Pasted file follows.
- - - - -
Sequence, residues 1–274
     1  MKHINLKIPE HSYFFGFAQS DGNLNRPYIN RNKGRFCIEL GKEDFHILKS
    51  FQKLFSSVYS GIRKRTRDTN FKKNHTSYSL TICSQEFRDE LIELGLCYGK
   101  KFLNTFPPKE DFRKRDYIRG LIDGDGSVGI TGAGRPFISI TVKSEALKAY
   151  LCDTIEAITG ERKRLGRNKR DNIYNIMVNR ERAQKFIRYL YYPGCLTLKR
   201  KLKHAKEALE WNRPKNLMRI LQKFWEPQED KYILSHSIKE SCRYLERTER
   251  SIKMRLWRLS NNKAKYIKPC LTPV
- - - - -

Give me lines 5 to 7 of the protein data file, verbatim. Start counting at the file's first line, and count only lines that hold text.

   151  LCDTIEAITG ERKRLGRNKR DNIYNIMVNR ERAQKFIRYL YYPGCLTLKR
   201  KLKHAKEALE WNRPKNLMRI LQKFWEPQED KYILSHSIKE SCRYLERTER
   251  SIKMRLWRLS NNKAKYIKPC LTPV